Regressing Bills take rout in Tampa to heart

The Sports Xchange
The SportsXchange

TAMPA, Fla. -- Hard-boiled Buffalo Bills fans who had endured 13 consecutive non-playoff seasons entering 2013 could have predicted this was going to happen, and now it has. The Bills have officially imploded, and with a 4-9 record they will sit out the postseason for a 14th consecutive year, with not a lot of hope moving forward that No. 15 won't happen in 2014.
"I'm sure they're upset, but so are we," running back Fred Jackson said of the fans after Sunday's 27-6 loss to the Tampa Bay Buccaneers, a team that started the season 0-8 and was playing in front of about 30,000 seats at Raymond James Stadium that were either empty or occupied by vacationing or transplanted Bills fans. "This isn't just about them, this is about us, too. We don't want to be part of this situation, this isn't how we want to be remembered for our 2013 season. I'm sure fans are going to start throwing in the towel and saying, 'We're the same old, same old Bills' and they have every right to do it. That's fine. We're going to keep working."
And there's plenty of work to do, because rather than showing progress, the Bills have regressed as the season has gone on. After starting 3-4, they have now lost five of their last six.
"There's a lot of little things that really need to be fixed on and off the field with this team," said safety Aaron Williams. "We talked about it as a team. As long as we fix the little things, the inconsistency will stop. The captains know what's going on and they voiced it out. The losing is just getting tiring."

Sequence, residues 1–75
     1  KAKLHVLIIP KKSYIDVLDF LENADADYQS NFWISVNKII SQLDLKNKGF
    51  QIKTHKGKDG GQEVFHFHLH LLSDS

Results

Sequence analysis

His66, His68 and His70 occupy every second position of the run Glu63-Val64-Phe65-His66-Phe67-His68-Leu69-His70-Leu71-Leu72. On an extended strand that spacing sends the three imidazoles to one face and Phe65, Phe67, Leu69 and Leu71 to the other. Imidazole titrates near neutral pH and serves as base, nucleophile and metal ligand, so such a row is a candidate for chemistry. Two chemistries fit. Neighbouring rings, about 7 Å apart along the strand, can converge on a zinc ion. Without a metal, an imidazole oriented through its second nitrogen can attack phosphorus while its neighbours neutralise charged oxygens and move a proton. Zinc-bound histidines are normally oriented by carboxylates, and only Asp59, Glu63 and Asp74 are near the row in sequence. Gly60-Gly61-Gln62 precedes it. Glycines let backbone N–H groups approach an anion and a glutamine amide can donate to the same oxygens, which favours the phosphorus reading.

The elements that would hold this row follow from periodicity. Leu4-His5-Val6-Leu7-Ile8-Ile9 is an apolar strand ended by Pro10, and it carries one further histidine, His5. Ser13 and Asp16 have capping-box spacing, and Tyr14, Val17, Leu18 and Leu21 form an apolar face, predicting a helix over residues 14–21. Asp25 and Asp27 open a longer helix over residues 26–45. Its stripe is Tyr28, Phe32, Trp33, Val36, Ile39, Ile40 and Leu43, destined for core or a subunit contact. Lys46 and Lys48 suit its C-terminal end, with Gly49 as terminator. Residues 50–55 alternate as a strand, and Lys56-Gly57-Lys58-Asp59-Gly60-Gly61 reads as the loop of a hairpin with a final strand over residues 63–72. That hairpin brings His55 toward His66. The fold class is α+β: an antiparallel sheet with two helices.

Coach Doug Marrone turned the locker room over to the players, and captains Fred Jackson, Eric Wood and Kyle Williams conducted the post-mortem following the game as the media sat outside a good 25 minutes waiting to enter.
"He wanted to see what we had to say," Jackson recounted. "That's the first time since I've been here where the coach gives us the floor, and gives us the opportunity to talk amongst ourselves and see what it is we feel like."
What they felt was embarrassed and miserable. It was an utterly brutal performance that included 214 yards on offense, five turnovers (four interceptions by rookie quarterback EJ Manuel and a muffed punt by Leodis McKelvin), 1-for-11 on third down and 11 penalties for a season-high 114 yards.
"It was one of the worst offensive performances I've been a part of since I've been in Buffalo," said Jackson, a mouthful for him considering he's in his eighth year with the team. "EJ is going to catch the heat, but we didn't do anything to help him. We just didn't get the job done (Sunday). We looked like crap. Bottom line, we did not play well. I can't think of anything we did right. That's something we've got to take ownership for. There's no one finger that needs to be pointed at anybody. As a team, we looked absolutely horrible, and the score showed it."
That was the general consensus all across the locker room. The Bills were inept and found a way to lose to a team quarterbacked by rookie Mike Glennon, who passed for just 90 yards on nine completions.
"I find it very difficult after that game to stand up here and defend a lot of things," Marrone said. "I thought we played poorly. I shouldn't say 'I thought;' I know we played poorly in all three phases. We had penalties, we had turnovers, we had misreads, we had missed tackles. It hit all at once in this game."
The Bills have another trip to Florida where they will play the Jacksonville Jaguars this week, another team that lost its first eight games but has now turned it around and won four of its last five and has the same 4-9 record as Buffalo and Tampa Bay.
-- Marrone said the coaching staff may have to dial back the game plans for Manuel because he may be suffering from a bit of information overload. This is certainly a disappointment because by now, Manuel should be processing information quicker and be able to handle more of the playbook.